Three people were killed and 45 wounded in clashes between protesters and police in the country's capital, Bujumbura, on Monday, bringing the death toll to 11, including soldiers and police.
As clashes continue, people have been fleeing the country into neighbouring Rwanda, out of fears of all-out fighting.
As many as 21,000 people were reported to have fled to Rwanda in April, according to UN refugee agency UNHCR.
Burundi, a small landlocked country in East Africa, came out of a 13-year civil war based on ethnic lines only nine years ago.
An estimated 300,000 people were killed in fighting between Hutus and Tutsis.
There have been recent claims and counter-claims about the distribution of threatening letters that have been circulated to people's homes.
Al Jazeera has obtained copies of the letters. They refer to people's ethnicity.
The letters - illustrated with coffins and graves - say Tutsi men, women, boys and girls will be killed if President Nkurunziza does not run for a third term.
Protesters say Nkurunziza's decision violates the Arusha Agreements that ended the civil war.
Some people blame the Imbonerakure, the youth wing of the ruling CNDD-FDD party for distributing the letters. The Imbonerakure deny that they are behind the letters.
Al Jazeera's Malcolm Webb, reporting from Bujumburu, said Burundi’s protests and the political standoff are largely not along ethnic lines.
"The ruling party was once a Hutu rebel group. It now includes a small number of Tutsis. But there are also many thousands of Hutus in the opposition," he said.
Top figure flees
On Monday, adding to the wave of people fleeing the country, Judge Sylvere Nimpagaritse, the constitutional court's vice-president, fled to Rwanda.
Nimpagaritse told AFP news agency that the court's judges had come under "enormous pressure and even death threats" from senior figures, which he refused to name, to approve the disputed candidature of the Nkurunziza.
He said that a majority of the court's seven judges believed it would be unconstitutional for Nkurunziza to stand again, but had faced "enormous pressure and even death threats" to force them to change their mind.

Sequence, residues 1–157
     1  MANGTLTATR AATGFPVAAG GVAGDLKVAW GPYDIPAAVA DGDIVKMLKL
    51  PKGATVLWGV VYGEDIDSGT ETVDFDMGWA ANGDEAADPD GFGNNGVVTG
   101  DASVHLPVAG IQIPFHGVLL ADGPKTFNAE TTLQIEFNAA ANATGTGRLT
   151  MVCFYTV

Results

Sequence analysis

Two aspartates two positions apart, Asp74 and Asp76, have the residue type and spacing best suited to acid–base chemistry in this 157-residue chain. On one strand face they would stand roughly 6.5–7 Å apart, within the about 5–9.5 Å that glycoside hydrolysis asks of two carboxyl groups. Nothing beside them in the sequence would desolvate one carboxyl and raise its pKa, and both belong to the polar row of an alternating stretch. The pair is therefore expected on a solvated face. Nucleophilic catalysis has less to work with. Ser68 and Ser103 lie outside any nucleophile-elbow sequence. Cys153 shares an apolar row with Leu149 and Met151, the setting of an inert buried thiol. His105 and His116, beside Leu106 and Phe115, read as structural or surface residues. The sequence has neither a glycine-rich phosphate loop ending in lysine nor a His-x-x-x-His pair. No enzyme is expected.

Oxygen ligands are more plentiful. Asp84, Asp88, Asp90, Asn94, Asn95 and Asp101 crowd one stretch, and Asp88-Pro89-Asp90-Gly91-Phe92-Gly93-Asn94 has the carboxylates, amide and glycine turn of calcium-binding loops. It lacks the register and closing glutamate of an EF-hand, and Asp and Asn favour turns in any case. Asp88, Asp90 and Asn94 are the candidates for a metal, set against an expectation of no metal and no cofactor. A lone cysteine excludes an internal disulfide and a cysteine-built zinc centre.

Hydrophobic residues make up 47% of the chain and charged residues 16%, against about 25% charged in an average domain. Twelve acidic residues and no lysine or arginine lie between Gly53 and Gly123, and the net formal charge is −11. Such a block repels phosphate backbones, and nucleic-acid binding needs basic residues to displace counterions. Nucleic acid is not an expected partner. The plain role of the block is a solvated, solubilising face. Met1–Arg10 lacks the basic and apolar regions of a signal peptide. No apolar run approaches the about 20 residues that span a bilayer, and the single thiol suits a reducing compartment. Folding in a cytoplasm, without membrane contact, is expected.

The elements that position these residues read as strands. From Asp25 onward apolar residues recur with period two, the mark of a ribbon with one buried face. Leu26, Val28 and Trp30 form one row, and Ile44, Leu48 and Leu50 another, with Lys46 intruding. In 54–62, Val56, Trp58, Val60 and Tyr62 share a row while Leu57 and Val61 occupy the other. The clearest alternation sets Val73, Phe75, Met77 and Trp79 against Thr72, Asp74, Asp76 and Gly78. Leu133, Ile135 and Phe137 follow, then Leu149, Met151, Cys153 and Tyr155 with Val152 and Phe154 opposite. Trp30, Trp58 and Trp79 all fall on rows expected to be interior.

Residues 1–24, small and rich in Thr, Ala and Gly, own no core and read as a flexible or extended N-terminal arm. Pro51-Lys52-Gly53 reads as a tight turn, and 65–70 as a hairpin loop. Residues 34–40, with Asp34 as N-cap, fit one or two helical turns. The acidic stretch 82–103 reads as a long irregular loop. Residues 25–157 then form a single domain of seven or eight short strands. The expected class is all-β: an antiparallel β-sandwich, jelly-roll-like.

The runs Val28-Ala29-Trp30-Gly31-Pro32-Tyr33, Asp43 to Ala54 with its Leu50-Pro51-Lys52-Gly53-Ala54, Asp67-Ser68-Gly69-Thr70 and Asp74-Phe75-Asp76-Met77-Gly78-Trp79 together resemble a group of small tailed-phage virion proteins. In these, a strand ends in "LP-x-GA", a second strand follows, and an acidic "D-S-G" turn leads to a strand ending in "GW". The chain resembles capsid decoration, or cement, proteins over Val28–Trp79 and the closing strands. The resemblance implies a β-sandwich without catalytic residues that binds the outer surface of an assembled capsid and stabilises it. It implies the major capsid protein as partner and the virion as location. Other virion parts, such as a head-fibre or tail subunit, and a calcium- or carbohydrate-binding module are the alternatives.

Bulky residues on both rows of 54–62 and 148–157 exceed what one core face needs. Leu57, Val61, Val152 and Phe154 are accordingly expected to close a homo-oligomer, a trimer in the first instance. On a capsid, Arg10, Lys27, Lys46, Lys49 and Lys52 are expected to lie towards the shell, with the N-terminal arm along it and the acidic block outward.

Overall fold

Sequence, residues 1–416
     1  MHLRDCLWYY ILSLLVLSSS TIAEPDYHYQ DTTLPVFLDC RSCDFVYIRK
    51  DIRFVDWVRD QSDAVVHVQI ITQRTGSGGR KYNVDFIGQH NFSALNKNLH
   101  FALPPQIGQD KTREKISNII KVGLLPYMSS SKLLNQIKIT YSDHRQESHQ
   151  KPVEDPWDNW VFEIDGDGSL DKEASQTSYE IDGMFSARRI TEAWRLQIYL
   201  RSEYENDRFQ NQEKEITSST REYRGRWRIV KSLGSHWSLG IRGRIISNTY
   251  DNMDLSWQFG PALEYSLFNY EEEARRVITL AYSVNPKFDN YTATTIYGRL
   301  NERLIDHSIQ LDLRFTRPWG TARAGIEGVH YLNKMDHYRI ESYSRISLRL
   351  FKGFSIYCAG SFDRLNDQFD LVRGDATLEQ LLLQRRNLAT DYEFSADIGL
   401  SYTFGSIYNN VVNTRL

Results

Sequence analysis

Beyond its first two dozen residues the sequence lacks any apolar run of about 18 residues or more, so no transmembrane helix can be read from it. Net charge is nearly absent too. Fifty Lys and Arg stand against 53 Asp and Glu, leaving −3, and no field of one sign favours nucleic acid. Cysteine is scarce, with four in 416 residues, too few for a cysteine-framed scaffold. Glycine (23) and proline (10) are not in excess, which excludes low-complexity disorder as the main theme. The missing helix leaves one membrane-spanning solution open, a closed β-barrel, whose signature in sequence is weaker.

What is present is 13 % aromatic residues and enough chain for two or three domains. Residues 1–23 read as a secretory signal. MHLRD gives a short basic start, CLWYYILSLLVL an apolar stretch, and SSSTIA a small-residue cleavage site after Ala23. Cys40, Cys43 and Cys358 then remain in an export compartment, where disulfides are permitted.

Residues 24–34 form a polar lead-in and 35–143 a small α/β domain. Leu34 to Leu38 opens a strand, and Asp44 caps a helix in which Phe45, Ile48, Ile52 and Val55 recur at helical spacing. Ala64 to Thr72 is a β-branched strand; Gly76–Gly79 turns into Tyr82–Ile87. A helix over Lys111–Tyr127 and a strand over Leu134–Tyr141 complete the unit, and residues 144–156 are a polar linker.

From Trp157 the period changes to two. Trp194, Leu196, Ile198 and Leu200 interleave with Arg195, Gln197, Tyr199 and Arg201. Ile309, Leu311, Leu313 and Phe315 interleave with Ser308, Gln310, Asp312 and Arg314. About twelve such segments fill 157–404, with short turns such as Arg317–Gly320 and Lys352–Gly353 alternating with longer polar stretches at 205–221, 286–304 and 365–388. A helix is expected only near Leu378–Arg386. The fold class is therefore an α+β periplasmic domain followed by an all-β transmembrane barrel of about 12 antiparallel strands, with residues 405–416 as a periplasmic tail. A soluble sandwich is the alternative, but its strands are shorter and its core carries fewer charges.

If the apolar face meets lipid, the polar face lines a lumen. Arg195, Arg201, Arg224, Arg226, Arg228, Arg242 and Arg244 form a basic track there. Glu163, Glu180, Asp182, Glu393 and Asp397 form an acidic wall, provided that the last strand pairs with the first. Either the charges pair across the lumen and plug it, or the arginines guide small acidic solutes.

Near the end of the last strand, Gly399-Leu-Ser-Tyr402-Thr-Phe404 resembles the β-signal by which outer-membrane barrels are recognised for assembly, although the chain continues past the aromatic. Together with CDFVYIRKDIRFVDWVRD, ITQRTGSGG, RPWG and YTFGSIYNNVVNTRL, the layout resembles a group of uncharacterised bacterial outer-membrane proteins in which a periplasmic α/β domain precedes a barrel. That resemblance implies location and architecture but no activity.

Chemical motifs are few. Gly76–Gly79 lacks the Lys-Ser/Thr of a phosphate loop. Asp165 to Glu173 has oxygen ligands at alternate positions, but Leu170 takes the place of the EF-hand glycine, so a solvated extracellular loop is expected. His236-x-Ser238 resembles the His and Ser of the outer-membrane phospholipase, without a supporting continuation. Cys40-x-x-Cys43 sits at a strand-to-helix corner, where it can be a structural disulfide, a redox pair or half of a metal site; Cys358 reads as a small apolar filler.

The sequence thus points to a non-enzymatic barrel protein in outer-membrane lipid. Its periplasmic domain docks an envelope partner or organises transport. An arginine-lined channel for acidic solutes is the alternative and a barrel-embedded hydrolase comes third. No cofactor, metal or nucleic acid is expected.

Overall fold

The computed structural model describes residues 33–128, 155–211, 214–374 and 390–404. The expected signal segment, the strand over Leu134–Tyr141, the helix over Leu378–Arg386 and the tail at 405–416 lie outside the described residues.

"In my soul and conscience I decided not to put my signature to a ruling, a decision which is clearly not lawful that would be imposed from the outside, and which has nothing legal about it," Nimpagaritse said.
Leading opposition figure Agathon Rwasa, who threatened to boycott the coming presidential election unless Nkurunziza withdrew his candidacy, condemned the country's police over the violence.
"It's a shame President Nkurunziza goes on killing innocent and unarmed people ... our police are more partisan than professional and discredit our nation," Rwasa told Al Jazeera.
The protests would lead to the "fall of dictatorship and the rise of true democracy," he said.
The violence came as John Kerry, US secretary of state, said Nkurunziza's decision to stand for a third term "flies in the face" of the constitution.
The top US diplomat said the recent unrest in Burundi was a result of public concern about that decision and "should be listened to"
Thousands of protesters joined Monday's protest with some managing to reach the centre of the capital, which they had previously failed to access amid heavy police and military presence.
The government has called the demonstrations an "insurrection" and accused protesters of stoking violence.
Our correspondent said on Monday that the protests seemed to be spreading.
"In today's protests there were more people on the streets than before, including in some suburbs in the capital that have not had any demonstrations since they began, and provinces outside the city too," Webb said.
"The police have also been escalating their response, proportional to the number of people on the streets."
According to an online crowd-sourced map depicting Burundi's protests, violence and protests have significantly increased in the past three days. Al Jazeera cannot independently verify the information in this map.